Technorati Digg This Stumble Stumble


Anonymous said...

I'm sure in 2000 years of theological wrangling someone has thought of this, but my first thought was "Is this a calque from some Aramaic term?" It might be a direct word-part by word-part translation, but I don't know if Aramaic had any sort of morphological compounding.

Anonymous said...

pomomagic, that possibility was raised when we discussed this problem in seminary, and our Biblical languages teacher looked deep into his memory, and then sort of shrugged. "It's not a very likely sound in Aramaic," he said.

Add to that, "ousios" is the word that, in another form, appears in the Nicene Creed, homoousion, meaning, "of one being", as a way of describing the Son's divine relationship with the Father.

It's possible that this is another way of saying, "Grant us Today our Higher Self." and in that sense the Lord's Prayer could be understood as an invocation of the Supernatural Assistant or the Holy Guardian Angel. I think it was in that sense that I first really grokked the Lord's Prayer.

The use of the word Metanoia kind of, sort of, but not entirely, supports this interpretation; the rhetorical device of metanoia, of verbally changing one's mind before an audience, leads to the theological implications of changing one's heart, mind and soul through the use of the Lord's Prayer.

And, in the early, Early Church, when the Church was much more of a Mystery Cult, one underwent baptism with a directional change — renouncing Satan while facing north in the baptismal pool, then turning west to renounce evil, then turning south to accept God, then turning east to accept baptism. And then, when you came up out of the water, they taught you the Lord's Prayer and (possibly) the Apostles' Creed as the initiatory tools of being a Christian. Feels kinda Freemasonic, doesn't it? :-) In this context, a prayer that joins you to your higher self, and gives you the power to change your consciousness, seems to be much more occult and magical than it does today, two thousand years on. :-)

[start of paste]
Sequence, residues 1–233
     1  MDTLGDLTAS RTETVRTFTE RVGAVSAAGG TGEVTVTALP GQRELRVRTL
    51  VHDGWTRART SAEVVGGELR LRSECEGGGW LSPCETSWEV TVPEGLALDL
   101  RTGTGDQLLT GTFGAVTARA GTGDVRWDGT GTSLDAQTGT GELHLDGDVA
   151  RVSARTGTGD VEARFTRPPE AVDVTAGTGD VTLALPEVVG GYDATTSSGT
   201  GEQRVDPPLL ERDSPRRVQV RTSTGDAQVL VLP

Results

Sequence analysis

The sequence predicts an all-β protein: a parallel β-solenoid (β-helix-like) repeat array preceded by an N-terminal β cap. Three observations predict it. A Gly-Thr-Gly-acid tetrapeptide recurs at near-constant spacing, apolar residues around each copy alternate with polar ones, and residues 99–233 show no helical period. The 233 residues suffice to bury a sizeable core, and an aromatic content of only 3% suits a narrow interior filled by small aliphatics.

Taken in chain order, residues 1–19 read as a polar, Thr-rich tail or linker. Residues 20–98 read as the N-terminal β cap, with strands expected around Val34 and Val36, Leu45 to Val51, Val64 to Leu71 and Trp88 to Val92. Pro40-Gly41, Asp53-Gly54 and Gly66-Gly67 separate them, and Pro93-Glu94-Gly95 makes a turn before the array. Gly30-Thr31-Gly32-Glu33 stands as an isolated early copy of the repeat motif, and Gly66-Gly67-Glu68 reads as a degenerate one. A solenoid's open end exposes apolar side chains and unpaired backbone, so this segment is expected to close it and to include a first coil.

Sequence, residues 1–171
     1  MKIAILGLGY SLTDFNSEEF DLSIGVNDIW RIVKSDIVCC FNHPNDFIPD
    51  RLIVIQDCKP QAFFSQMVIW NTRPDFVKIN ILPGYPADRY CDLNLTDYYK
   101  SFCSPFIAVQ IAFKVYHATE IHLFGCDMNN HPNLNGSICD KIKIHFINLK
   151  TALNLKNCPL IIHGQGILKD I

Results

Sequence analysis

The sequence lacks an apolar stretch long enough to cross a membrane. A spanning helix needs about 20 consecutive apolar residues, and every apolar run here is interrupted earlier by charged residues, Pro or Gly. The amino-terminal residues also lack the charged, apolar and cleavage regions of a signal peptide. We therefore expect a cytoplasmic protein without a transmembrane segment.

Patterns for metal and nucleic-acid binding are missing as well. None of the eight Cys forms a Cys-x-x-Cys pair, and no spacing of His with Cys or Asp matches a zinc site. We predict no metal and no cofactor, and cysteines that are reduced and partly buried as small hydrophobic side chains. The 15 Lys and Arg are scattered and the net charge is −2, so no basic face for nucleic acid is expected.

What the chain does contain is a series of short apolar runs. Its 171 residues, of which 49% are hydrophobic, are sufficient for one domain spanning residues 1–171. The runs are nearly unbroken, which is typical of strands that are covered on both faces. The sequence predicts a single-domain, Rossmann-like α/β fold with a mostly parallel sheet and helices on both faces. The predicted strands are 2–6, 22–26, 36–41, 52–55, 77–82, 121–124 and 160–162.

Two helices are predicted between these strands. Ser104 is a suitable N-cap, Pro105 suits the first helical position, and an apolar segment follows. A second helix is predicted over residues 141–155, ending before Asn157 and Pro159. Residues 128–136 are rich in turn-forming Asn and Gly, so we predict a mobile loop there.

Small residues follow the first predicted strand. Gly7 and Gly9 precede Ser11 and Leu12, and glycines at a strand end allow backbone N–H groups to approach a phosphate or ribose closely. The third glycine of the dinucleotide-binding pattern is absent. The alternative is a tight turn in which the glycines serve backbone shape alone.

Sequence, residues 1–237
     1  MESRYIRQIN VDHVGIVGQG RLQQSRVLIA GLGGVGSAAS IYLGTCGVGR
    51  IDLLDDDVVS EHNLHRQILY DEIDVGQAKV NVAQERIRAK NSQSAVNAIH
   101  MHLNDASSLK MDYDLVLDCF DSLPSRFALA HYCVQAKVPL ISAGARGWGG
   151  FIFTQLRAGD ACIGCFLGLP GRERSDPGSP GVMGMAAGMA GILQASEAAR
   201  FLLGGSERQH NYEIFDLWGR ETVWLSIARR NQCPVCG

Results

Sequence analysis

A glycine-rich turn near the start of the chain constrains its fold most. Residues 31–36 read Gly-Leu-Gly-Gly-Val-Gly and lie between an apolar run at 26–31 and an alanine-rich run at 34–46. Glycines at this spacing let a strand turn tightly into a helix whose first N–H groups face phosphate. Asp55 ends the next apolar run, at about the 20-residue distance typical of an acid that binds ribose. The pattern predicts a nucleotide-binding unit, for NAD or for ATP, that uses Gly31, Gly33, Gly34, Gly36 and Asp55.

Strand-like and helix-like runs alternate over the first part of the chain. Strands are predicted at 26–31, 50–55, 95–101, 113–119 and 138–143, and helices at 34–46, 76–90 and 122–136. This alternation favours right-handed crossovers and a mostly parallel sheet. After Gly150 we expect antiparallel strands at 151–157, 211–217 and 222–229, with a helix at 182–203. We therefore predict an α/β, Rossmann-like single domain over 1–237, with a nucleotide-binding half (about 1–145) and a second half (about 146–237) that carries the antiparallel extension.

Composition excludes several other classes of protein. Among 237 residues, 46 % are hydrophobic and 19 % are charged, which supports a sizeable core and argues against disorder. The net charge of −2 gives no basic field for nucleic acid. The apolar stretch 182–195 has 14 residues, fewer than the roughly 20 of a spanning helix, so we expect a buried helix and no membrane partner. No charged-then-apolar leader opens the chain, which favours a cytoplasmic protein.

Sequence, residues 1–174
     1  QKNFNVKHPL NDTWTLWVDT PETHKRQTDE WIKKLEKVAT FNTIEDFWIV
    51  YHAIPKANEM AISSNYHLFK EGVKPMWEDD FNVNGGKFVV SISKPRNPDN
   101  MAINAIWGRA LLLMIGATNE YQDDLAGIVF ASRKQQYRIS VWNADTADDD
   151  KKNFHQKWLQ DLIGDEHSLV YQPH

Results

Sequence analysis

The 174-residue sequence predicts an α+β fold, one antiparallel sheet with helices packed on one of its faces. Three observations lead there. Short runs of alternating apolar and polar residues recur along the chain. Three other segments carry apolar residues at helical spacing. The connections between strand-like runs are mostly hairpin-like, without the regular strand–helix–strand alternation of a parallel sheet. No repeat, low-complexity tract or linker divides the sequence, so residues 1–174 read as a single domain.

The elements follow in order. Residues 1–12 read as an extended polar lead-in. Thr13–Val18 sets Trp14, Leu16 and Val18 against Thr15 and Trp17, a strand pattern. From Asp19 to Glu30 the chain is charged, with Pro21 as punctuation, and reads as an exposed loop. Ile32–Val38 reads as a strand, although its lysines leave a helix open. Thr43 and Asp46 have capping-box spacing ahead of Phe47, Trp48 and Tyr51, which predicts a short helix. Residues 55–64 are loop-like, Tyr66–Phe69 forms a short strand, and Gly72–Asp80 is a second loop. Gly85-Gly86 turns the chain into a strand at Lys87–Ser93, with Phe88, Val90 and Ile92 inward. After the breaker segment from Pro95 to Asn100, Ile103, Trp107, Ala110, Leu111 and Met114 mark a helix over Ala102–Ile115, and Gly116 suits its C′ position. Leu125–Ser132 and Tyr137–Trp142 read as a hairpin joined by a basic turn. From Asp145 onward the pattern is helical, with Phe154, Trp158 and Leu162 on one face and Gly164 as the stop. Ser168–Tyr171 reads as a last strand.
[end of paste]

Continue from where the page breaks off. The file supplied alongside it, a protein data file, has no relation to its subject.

Cliff said...

Andrew, I have to say I had the same reaction you did. I take away two possibilities, both of similar natures. First, the idea of subsistence for our Higher Selves (e.g., the growth given by the HGA). Second, swiveling back 5 degrees to the Buddha, who, like Christ, instructed that people be fed before receiving the dharma. So, in this sense, there's the simple subsistence, and then what follows is spiritual subsistence, which, like the second course of a meal, would settle above it.

And thanks for the interesting fact about the early church!

Anonymous said...


I really like the idea of physical food that's provided with the teaching. We know, from a few surviving liturgical documents of the Early Church, and from things like Paul's letters to the Corinthians, that the Eucharist/Mass used to be an actual meal at which bread and wine were part and parcel of the food; and that the non-baptised were welcome to attend the instructional part, but that they had to leave before the eucharist. There's a holdover of this in the Orthodox rite where there's a call given for the unbaptized to depart, and there's also the Hector Berlioz hymn (which I love!), which in English is "Let all Mortal Flesh Keep Silence."